The USDA-ARS in Wooster, Ohio, has begun a new five-year research program to develop weed management options for herbicide-sensitive crops. This is a multi-pronged approach to develop a wide variety of tools for weed control in production settings where herbicides are either not labeled or cannot be used safely.
A very promising part of this project thus far has been the use of parboiled rice hulls as a mulch in containers. Riceland Foods, Inc. has been marketing their parboiled rice hulls for weed management in horticulture crops, and some nursery producers in Ohio have already successfully used rice hulls for weed control. The goal of our research was to determine, in controlled research, what quantity of rice hulls provided effective weed control of liverwort (Marchantia polymporpha) and bittercress (Cardamine exuosa).
A Few Basic Points
Before I get into the details of our experiments and results, it’s important to review some basic concepts on how mulches provide weed control. Seeds of container weeds are small, and must germinate on or near the container substrate surface. When you cover the substrate surface with mulch, small weed seeds don’t have enough stored energy to grow through the mulch and establish themselves on the surface. This is primarily how mulches provide weed control, at least temporarily. The problem is that most mulches don’t provide long-term weed control because the mulch itself becomes an excellent substrate for weed germination. After the mulch is applied, new weed seeds that land on the surface of the mulch will soon germinate in the mulch itself. A truly effective mulch, especially for container production, is one that persists for a long period of time and offers an inhospitable site for weed seed germination.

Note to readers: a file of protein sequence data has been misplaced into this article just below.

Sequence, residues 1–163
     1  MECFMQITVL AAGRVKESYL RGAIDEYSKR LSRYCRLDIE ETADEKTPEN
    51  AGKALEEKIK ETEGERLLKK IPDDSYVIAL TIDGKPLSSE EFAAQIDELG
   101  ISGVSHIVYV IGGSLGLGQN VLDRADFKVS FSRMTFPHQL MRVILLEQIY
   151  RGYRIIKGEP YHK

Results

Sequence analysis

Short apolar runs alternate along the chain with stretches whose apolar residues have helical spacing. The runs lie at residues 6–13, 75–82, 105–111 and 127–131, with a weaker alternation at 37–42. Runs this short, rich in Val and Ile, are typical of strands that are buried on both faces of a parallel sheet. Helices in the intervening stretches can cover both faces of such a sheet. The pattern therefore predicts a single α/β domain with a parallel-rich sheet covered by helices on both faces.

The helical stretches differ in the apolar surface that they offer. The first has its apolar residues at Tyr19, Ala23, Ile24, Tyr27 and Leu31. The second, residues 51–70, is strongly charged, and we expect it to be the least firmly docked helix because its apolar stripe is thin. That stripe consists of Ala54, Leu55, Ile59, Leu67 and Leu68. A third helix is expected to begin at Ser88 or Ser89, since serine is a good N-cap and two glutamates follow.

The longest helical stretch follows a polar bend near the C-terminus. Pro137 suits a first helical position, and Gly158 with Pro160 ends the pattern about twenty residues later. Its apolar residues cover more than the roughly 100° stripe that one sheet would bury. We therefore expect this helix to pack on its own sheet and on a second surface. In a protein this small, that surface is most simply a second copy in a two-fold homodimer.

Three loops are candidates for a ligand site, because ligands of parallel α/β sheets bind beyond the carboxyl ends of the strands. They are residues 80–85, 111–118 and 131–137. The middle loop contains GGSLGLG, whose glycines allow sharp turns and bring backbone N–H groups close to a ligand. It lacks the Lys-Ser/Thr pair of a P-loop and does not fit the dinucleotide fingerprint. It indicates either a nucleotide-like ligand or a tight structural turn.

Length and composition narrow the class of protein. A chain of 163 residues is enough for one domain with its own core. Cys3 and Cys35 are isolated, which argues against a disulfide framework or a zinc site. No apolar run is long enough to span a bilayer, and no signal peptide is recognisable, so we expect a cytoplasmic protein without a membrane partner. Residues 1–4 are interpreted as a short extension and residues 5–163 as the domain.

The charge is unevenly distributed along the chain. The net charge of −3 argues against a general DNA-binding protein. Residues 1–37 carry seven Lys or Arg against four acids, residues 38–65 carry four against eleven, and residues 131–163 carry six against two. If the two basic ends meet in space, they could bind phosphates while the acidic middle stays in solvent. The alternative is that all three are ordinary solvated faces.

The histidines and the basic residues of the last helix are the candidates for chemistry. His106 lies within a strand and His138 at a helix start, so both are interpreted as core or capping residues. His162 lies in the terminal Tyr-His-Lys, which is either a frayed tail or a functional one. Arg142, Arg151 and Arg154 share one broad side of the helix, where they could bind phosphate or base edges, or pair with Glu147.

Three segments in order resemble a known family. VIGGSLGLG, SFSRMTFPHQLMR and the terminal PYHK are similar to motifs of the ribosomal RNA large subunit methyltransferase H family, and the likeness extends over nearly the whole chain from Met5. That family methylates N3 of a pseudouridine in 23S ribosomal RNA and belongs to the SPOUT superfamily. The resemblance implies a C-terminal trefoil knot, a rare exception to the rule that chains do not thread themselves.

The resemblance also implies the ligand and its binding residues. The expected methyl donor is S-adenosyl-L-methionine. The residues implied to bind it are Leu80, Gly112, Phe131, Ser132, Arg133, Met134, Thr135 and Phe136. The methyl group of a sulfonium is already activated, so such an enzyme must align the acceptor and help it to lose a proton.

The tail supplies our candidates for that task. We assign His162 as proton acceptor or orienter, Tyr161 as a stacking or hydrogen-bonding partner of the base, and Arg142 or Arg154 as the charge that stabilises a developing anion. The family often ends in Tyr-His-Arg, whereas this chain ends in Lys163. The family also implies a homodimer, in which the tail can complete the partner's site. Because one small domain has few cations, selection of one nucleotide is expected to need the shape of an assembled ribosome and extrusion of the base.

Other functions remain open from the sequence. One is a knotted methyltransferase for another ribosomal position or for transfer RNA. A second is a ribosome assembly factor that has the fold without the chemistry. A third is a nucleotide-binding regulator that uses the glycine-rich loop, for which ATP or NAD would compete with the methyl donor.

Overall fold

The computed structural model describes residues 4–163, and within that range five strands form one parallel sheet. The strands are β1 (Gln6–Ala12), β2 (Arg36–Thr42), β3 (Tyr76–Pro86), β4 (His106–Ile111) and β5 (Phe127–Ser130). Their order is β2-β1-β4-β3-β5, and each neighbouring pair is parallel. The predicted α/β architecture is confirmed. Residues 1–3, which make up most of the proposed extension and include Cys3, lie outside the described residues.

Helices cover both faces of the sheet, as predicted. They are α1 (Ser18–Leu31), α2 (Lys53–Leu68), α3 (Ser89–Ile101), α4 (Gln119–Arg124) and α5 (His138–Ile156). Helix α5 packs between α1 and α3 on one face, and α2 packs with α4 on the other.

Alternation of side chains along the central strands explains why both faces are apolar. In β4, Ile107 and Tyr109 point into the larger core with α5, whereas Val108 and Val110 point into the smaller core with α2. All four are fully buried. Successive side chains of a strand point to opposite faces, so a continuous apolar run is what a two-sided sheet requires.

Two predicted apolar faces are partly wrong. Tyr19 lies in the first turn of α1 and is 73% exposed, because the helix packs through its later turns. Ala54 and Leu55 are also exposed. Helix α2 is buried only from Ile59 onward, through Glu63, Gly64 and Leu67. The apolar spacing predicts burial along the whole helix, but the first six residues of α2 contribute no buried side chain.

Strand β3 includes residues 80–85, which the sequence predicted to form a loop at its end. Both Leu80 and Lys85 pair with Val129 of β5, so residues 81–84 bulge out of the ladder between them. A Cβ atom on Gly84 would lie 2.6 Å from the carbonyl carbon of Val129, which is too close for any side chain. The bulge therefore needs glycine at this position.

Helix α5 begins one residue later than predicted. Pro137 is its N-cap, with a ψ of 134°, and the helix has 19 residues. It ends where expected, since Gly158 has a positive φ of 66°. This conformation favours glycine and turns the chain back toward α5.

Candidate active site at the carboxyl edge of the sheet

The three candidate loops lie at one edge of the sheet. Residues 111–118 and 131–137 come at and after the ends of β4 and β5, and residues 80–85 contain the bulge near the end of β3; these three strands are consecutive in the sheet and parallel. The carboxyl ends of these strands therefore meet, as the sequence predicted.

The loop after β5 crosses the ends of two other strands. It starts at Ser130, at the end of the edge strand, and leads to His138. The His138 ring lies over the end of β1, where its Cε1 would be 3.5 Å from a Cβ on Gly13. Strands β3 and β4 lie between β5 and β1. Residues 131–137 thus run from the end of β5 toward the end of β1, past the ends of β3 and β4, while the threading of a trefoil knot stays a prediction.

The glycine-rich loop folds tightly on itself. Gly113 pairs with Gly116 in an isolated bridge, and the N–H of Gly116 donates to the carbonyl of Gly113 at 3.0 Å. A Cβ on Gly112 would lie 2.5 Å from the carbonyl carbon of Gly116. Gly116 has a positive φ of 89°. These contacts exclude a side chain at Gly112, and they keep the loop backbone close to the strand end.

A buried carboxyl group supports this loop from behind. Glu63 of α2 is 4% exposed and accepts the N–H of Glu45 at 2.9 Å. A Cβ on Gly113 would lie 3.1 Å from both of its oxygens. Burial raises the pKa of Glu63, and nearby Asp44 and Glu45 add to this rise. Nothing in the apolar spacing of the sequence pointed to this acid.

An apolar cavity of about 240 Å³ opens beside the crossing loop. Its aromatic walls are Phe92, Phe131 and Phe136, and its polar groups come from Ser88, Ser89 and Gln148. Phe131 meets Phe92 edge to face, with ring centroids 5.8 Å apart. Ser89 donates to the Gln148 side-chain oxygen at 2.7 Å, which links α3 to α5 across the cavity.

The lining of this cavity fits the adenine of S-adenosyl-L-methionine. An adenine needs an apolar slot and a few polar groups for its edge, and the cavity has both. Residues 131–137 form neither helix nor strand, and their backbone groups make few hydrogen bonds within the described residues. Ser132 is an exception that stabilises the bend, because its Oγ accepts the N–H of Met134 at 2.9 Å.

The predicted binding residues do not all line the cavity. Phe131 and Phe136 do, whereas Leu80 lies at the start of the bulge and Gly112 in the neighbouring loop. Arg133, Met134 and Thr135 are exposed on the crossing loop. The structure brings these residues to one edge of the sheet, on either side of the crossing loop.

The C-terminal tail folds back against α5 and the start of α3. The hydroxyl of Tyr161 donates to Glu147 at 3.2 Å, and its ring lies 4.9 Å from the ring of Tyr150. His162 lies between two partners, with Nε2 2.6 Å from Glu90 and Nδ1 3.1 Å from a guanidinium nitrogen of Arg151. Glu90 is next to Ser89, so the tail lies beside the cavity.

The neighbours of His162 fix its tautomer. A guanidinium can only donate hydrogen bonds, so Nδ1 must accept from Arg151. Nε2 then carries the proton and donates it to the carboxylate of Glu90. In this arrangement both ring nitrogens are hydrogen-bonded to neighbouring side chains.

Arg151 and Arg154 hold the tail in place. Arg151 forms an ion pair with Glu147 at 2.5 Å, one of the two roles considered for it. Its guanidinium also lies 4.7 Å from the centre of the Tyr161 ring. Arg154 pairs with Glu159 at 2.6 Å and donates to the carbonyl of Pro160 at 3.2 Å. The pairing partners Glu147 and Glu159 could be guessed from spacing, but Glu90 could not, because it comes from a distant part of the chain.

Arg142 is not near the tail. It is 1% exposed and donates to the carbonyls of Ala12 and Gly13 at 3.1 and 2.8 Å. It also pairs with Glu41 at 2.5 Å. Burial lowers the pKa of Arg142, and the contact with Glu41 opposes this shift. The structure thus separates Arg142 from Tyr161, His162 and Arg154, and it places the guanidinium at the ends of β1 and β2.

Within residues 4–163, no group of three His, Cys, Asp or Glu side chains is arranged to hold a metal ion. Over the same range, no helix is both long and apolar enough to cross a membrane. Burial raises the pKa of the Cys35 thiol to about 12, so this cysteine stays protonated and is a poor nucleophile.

Effective mulches for container crops should have a combination of the following properties: they provide little or no available nutrients, they dry quickly after irrigation, and they resist decomposition. Weed seeds require available nutrients to establish successfully. They may germinate in the absence of nutrients, but they will fail to develop much past the cotyledon stage without sufficient nutrition.
It almost goes without saying that mulches must resist decomposition. If the mulch decomposes, the barrier is lost and weeds are free to germinate. Unfortunately, abundant fertilization and irrigation are conducive to organic matter decomposition. The nature of nursery and greenhouse crop production renders many mulch products unacceptable due to decomposition after just a few weeks in production. To review, the ideal mulch will be low in nutrient composition, retain little water even after irrigation, and resist decomposition. With that in mind, let’s look at some recent experiments to see how effective rice hulls are in preventing liverwort and bittercress establishment, two of the most problematic weeds in nursery production.
Will fertilizers affect rice hull mulch?